“With the onset of the Internet, it has become harder to shock people,” he said. “How do you outshock ISIS?”

Like so many ventures, the House of Shock had a rocky beginning.

Right off the bat, Jefferson Parish officials weren’t pleased with the backyard display. Not because of the permits or the hammering but because the theme of House of Shock always has been things satanic — celebrating all the dark forces of hell.

“We were judged on content and told we couldn’t do it because it was offensive,” said Karpelman, whose own House of Shock character is Lord Belial. “We always were looking to push the boundaries — I mean, it is House of Shock (the name pays homage to the ultimate New Orleans Halloween character, Morgus the Magnificent). People really thought we were satanists. They bought into it, and we sold it. We really were possessed.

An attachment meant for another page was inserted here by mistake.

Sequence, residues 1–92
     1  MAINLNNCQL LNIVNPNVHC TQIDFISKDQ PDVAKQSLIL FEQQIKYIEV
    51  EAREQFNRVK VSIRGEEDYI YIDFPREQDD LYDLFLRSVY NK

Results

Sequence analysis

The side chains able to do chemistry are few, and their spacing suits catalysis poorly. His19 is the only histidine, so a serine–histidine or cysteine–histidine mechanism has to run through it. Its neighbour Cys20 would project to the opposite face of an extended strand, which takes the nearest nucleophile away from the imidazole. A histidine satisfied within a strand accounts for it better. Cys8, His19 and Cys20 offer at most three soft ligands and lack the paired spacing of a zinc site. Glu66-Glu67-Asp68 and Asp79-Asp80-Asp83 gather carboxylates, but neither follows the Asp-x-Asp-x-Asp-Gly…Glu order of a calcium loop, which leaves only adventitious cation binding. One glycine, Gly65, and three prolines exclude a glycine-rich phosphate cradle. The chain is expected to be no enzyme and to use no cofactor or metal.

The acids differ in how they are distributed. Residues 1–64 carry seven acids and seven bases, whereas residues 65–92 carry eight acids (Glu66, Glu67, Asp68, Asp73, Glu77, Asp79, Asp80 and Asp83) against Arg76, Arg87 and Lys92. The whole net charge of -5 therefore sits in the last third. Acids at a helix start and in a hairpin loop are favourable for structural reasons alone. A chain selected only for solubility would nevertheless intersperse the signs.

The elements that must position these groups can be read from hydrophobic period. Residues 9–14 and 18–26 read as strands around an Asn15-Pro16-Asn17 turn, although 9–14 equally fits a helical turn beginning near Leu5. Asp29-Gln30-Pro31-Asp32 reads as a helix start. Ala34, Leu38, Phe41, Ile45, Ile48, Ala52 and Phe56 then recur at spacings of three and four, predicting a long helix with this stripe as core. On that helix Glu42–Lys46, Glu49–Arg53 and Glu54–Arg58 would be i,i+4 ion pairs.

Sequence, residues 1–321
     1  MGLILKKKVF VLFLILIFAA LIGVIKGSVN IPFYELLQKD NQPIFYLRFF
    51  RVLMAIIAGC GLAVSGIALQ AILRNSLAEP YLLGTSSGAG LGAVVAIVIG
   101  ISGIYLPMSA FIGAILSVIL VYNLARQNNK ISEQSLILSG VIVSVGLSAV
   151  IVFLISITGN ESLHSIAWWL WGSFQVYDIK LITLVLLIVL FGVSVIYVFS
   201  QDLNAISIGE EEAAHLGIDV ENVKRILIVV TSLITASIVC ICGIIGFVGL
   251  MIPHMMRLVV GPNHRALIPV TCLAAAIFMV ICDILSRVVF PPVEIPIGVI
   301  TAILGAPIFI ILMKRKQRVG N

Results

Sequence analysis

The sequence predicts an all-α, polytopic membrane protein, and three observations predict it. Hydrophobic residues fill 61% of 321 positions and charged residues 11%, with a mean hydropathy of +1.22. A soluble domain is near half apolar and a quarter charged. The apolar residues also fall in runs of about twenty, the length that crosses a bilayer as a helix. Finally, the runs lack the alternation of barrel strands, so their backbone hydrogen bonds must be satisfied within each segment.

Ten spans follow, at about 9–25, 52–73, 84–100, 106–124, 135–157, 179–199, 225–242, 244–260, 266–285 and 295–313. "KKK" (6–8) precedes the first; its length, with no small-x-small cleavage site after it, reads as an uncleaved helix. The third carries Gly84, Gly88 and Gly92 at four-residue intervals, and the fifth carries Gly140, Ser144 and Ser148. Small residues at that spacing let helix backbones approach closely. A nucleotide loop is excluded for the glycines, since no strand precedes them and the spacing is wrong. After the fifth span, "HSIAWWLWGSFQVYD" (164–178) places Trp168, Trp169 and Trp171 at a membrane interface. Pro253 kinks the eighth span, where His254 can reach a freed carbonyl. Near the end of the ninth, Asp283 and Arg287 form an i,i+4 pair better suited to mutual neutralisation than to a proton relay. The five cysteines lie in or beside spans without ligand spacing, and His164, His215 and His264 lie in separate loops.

“There was nothing else like what we were doing. We were young and intense and filled with the bravado of metal musicians. But we had to move it inside.”

So in its third year, a warehouse was found, and stages and sets and walls and ghoulish, devilish things were created. Personas were invented, storylines spun. Rituals, incantations, mock child beatings, all realistically realized.

Pantera frontman Philip Anselmo got involved, as did Steve Joseph, the pyrotechnician of the group. Heavy metal musicians all, they played up the occult to the hilt.

“Scoot in the Morning on local radio took the subject on, and it got to be quite the conversation,” Karpelman said. “It was the start of our notoriety.”

For the next decade or so, notoriety of the best kind followed the House of Shock, as it established itself as one of the most impressive haunted attractions in the country. Writeups (Rolling Stone, Playboy), awards, TV specials and more followed.